To mark the 100th anniversary of the release of the original blockbuster, The Battle of the Somme, the Imperial War Museum, London, launched an immersive exhibition which explores who film-makers have approached the theme of war, and been able to translate catastrophe into compelling narratives. We catch up with Laura Clouting, historian and curator of the exhibition, to discuss how such a culturally destructive concept can create such longstanding entertainment.
A: Why do you think that war films have had such a good reception from the public and why do you think it endures today, even in generations that have no memories or perception of global warfare to this degree?
LC: War films remain popular even with audiences who have no direct experience of war themselves. War is inherently dramatic and war films, whether based on fact or in fiction, are able to make use of that inherent drama. Whether in the form of visually spectacular battle sequences, or in exploring the emotions of characters living under the pressure of wartime as combatants or civilians, war stories readily lend themselves to emotional stories. Cinema is well suited for exploring extreme human experiences through the resources available to a director, whether in acting, photography, editing, sound effects, music.
A: How do you think the older films compare to today’s contemporary contributions to cinema? Do you think any have more integrity or sense of realism?
LC: What do we mean by realism? I think many of us have some imagined sense of what certain wartime experiences might have been like, and that sense draws on a wide range of influences – personal experience, memories shared by friends of family members with direct experience, first-hand testimony in books, television programmes, journalism and the news media. We have an idea of what constitutes ‘real’, and realism is how well a representation matches up against that.
Filmic realism in war movies is also shaped by the norms of the period in which they are made. It’s difficult to imagine a film about a recent conflict made in the style of 1916’s cinema documentary The Battle of the Somme having much impact on an audience more used to the chaotic visual style of fictional blockbusters like Saving Private Ryan, American Sniper or The Hurt Locker.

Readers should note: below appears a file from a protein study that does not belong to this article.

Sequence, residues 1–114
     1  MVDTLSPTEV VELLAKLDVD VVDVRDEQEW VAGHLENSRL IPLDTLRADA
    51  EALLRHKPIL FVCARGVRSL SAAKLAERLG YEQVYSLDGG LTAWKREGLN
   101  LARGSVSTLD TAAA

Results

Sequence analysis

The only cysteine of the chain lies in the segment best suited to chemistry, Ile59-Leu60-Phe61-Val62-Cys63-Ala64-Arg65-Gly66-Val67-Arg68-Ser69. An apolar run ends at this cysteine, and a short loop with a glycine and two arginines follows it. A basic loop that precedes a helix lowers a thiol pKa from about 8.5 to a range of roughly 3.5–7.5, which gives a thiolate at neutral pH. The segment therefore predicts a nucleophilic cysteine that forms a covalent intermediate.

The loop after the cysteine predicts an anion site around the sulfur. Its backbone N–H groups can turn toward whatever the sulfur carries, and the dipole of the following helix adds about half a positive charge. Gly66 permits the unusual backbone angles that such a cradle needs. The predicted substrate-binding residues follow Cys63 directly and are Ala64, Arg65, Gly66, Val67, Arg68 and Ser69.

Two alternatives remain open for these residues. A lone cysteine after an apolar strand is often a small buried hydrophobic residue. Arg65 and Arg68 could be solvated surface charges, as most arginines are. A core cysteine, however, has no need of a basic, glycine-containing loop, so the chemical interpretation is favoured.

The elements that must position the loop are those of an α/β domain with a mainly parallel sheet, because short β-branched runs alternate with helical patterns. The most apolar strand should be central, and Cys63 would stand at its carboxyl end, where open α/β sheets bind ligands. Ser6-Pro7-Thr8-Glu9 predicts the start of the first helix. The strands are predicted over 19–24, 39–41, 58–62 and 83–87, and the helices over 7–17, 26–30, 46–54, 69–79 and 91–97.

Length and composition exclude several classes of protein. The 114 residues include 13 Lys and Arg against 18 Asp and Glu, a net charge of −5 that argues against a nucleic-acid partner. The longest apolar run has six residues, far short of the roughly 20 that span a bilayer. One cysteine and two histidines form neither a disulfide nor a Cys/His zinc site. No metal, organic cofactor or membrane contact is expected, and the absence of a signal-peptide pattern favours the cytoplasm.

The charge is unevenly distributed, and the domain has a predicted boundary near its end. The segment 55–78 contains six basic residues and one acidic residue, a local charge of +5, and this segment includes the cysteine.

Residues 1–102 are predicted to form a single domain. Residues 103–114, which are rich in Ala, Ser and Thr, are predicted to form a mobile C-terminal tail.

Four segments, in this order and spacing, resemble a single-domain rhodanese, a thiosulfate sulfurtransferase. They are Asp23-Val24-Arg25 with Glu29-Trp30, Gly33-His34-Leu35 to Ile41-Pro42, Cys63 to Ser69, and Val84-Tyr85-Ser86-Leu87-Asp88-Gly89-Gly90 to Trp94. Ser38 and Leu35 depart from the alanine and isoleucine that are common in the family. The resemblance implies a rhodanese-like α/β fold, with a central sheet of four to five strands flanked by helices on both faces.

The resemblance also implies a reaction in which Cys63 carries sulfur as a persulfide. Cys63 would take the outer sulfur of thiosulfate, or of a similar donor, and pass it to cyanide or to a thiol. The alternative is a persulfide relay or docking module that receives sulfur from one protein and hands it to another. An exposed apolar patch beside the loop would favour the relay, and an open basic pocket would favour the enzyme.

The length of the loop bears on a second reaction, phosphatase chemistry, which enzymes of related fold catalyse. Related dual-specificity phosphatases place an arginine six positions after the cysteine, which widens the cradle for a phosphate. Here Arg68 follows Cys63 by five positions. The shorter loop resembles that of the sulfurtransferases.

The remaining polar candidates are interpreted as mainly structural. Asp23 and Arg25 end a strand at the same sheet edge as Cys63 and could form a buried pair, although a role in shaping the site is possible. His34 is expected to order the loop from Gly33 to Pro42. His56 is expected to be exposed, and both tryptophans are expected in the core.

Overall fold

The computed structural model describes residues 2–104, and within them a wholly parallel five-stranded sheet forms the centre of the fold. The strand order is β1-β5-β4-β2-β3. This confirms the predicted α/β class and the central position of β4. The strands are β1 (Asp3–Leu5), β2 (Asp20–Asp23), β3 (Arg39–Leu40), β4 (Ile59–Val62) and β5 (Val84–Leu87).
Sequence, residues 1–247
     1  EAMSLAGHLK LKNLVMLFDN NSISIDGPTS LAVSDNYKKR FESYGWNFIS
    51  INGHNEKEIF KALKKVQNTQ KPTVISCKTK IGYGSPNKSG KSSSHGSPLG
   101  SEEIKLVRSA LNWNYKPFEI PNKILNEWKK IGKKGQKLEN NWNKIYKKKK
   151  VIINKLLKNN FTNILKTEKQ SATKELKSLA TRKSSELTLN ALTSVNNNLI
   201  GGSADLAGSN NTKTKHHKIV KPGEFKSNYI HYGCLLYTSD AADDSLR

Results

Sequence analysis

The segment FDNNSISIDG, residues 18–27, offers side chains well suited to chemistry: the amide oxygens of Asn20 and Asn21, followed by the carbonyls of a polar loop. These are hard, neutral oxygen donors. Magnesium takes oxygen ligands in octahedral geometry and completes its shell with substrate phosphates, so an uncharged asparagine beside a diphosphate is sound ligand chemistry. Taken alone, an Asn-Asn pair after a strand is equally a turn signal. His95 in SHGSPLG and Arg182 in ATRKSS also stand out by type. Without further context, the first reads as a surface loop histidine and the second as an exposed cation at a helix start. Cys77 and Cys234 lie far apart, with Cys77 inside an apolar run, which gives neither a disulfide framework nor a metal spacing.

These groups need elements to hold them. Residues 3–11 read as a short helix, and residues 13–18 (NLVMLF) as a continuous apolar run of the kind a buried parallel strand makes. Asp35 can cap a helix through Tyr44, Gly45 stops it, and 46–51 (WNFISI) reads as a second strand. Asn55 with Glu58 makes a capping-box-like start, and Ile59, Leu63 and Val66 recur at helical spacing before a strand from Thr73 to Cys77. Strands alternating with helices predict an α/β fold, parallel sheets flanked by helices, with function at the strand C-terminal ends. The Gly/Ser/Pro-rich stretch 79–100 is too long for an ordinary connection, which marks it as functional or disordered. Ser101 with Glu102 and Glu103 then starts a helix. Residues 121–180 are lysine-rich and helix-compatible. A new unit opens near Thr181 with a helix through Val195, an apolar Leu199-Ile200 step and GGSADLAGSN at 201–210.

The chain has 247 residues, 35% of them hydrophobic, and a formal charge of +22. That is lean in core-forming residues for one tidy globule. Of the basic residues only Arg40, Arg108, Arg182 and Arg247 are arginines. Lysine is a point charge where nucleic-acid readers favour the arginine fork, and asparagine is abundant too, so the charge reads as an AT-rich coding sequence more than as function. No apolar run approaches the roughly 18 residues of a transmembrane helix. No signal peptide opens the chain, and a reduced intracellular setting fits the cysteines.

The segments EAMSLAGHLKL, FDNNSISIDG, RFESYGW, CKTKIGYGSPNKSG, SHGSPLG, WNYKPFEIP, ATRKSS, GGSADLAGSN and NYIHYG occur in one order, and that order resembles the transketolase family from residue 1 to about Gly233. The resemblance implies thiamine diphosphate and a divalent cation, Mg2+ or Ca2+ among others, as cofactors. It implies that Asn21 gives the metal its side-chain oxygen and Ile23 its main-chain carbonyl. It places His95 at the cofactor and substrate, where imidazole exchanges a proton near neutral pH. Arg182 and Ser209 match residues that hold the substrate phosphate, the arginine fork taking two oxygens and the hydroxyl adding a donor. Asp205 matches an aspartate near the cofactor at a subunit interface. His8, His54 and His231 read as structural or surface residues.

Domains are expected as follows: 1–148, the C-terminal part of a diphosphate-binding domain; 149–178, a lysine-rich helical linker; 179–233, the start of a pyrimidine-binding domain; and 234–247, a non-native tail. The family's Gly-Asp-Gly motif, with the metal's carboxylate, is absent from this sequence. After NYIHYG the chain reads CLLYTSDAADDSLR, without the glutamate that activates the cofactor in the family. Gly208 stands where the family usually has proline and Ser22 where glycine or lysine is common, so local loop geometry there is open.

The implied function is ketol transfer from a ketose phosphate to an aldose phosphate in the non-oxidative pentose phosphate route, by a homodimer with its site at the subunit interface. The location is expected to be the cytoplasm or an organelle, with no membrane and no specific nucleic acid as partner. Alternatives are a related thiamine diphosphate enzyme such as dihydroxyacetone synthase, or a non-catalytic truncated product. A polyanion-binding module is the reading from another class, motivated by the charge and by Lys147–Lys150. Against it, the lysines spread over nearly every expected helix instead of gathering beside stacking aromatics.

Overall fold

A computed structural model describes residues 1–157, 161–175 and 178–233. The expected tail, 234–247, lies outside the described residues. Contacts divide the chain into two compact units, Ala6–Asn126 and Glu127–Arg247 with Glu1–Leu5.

A: Could you talk us through the inspiration behind this exhibition and how you’ve separated it into five different sections?
LC: The centenary of the release of 1916 documentary and cinema sensation The Battle of the Somme gives IWM a moment to reflect on the place of the cinema in shaping our popular memory of war. We considered a chronological approach to the subject, but the overwhelming number of war films led us towards a thematic approach.
A: Are you expecting the audience to go through a journey through these sections, much like the narrative of a film?
LC: Yes, our visitors will be drawn through the exhibition with a narrative based around the stages of making of a film. The exhibition will take visitors from the inspiration behind films, the complexities of their production when recreating war’s hostile environments, from the sea to the air, before exploring how films are celebrated or criticised upon their release. Some endure as classics to this day. Visitors will be confronted, as a finale, with how films’ final moments leave audiences with very different feelings about conflict – from bittersweet, tragic or triumphant, to unsettling or uncertain.
A: How do you think that tragedy and loss can be translated into something aesthetically pleasing in this sense?
LC: War is bound up with loss – friendships shattered, relationships broken, communities destroyed, and lives lost. These changes, losses, and tragedies are often the centre of a film’s dramatic force and are why they remain emotionally compelling. While some war movies are more focused on battlefield action than others, the threat of loss generally tends to unpin them all. The spectacle of violence often makes for compellingly difficult watching.
A: Do you have any particular expectations or hopes for the exhibition, perhaps on how it might change the audience’s perceptions of war or how it might relate to them?
LC: We hope that this exhibition will encourage people to consider the decisions that underpin movie-making. No film is ‘just happens’. They are all the results of planning, decisions, creative skills, opinions and influences. The wider context of war films can be as interesting as their stories – how and why films get made and the challenges of putting war on screen.
A: How do you envision the future of war films? Do you think they will be ever as popular as they have been up to this point?
LC: As war continues to be a major force in world affairs, the memories and legacies of the wars of the past will continue to influence contemporary culture, politics and society. I’m pretty sure that filmmakers will always be drawn to the dramatic possibilities of stories set in wars both real and imagined.
Real to Reel: A Century of War Movies is at IWM, London, until 8 January 2017.
1. Staged scene from The Battle of the Somme film, 1916. British troops go ‘over the top’ into ‘No Man’s Land’. This scene was staged for the camera at a training school behind the lines. Courtesy of IWM.
2. A long queue stretches out from the entrance of the Odeon Cinema in wartime Reading, as people buy tickets, 1945. Courtesy of IWM.